“Measurement = Motivation” – Brian Cain

The goal of evaluating performance is to help athletes speed up the learning curve.  If we do not measure performance, how will we know if we are getting better at the specifics we are working on?

I often ask clients how their game went to which they reply… “good” or “not so well.”  This not only gives me little information about how best to help them, but of even greater importance/detriment, it does little for the player in learning from what just happened.  Each game is a learning experience in which valuable information can be taken, learned from, improved by, and practiced in order to be better in the next game.  Each game you play, you should be a better player than before.  This does not mean the results should always get better, however the things that you choose to work on that are inside your control…can be better each game.

WHY is it important to properly evaluate performance?  While many athletes allow their stats to tell the entire story, statistics tell a very small story compared to the rich information each game brings.  The mature athlete basis his success on the process goals he or she sets for themselves and is focusing on; while the immature athlete bases all his or her focus on their results as the basis for a “good or bad game.” A proper approach would be to evaluate performance on those things inside your control like your mental, physical/mechanical, and visual approach rather than on how many points you scored or hits you had.  To take the results oriented approach (# of points/hits) would be to short change yourself of valuable feedback on what areas you performed well in and areas where you can still stand to improve.

Process Oriented Example for Nemo Dubbs: (4 at bats) – Baseball Hitting Evaluation

  • Remembered to play with big body language and was confident I would get my pitch: 3-4  (3 out of the 4 at-bats)
  • Committed to my routine and plan each pitch: 2-4 (2 out of the 4 at bats)
  • Saw the ball well: 4-4
  • Made contact on the sweet spot: 3-4
  • Overall quality at-bats: 3-4
  • Hit the ball hard: 3-4
  • RESULTS? 2-4 (2 hits out of 4 at-bats)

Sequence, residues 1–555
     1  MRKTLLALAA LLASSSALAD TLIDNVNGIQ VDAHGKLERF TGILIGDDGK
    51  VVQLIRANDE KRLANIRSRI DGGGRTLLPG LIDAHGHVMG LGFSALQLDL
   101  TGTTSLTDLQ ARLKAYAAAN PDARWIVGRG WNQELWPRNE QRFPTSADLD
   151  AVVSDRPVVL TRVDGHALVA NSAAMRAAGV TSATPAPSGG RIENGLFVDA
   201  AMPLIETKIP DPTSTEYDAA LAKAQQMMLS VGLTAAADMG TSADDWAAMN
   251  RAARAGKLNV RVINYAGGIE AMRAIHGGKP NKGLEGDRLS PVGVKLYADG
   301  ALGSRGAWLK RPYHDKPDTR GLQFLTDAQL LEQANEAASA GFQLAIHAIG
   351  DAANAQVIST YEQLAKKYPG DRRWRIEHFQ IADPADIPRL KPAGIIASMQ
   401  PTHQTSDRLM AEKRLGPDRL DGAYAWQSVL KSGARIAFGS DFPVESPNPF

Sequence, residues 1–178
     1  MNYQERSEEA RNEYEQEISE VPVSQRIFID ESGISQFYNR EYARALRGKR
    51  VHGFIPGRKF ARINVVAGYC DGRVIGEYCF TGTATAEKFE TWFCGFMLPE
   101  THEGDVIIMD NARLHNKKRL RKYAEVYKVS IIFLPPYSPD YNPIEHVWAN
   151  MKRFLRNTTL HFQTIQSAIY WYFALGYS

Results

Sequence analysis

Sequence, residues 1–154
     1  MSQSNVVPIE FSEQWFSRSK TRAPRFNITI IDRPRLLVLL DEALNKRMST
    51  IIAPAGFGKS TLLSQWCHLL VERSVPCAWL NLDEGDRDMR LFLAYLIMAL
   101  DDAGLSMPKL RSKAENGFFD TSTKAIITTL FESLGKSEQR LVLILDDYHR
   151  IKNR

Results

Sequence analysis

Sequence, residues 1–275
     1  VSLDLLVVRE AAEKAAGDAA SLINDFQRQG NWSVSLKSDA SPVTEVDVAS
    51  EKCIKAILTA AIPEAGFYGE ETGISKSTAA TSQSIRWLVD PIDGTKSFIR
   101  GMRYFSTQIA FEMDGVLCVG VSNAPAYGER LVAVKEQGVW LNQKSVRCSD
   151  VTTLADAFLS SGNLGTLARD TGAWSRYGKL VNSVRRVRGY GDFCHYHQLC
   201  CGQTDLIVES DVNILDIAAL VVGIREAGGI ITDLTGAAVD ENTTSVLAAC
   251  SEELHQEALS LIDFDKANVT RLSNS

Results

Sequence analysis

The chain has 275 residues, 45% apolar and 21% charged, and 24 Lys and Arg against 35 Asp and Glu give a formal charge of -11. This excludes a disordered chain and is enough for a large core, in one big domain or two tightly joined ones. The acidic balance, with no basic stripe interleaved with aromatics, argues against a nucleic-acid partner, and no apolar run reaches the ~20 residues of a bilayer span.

Did Nemo have a good day at the plate?
On paper Nemo was successful 2 out of 4 times. This tells us little. But dig a bit deeper and we see that Nemo saw the ball 4 times really well which is key to hitting.  We saw that 3-4 times he remembered to walk to the plate with confidence and got “big.”  We also saw that Nemo is still inconsistent in repeating his routine that gets him back to the present moment and this might be due to allowing bad calls or bad swings to throw his emotions off.  This is valuable information that gives him direction on what he can give greater attention to next practice.

Post-Game Evaluation Sheet:  (scale of 1-5: 1 being not well at all, 5 being very well)

I believed that I was the best player on the field: ________
I was able to stay in a positive mindset during each at-bat: _________
After negative events: I was able to recognize, release, and refocus on the next play  ________
I stayed calm and was able to hit from my backside rather than jump out at the ball _________
I took nice deep breathes between pitches that helped me stay calm and in the moment: _________
I was able to commit to my routine (pitching/hitting) each pitch: __________
I kept a positive attitude even when things didn’t go my way: __________

I saw the ball well right out of his hand:  __________
I tracked the ball in as long as I could see it: _________
I kept my eyes at point of contact the best I could each pitch: __________

3 mechanics I was working on today:  1 = not consistent at all   5 = Very consistent (circle one)

  • ________________________________________: How consistent was I?     1   2   3   4   5
  • ________________________________________: How consistent was I?     1   2   3   4   5
  • ________________________________________: How consistent was I?     1   2   3   4   5

How would you rate your play in todays game 0 (worst) – 5 (best) and why?

What mental skills techniques did you use today?

Techniques used used to manage any stress or perceived pressure in order to control performance?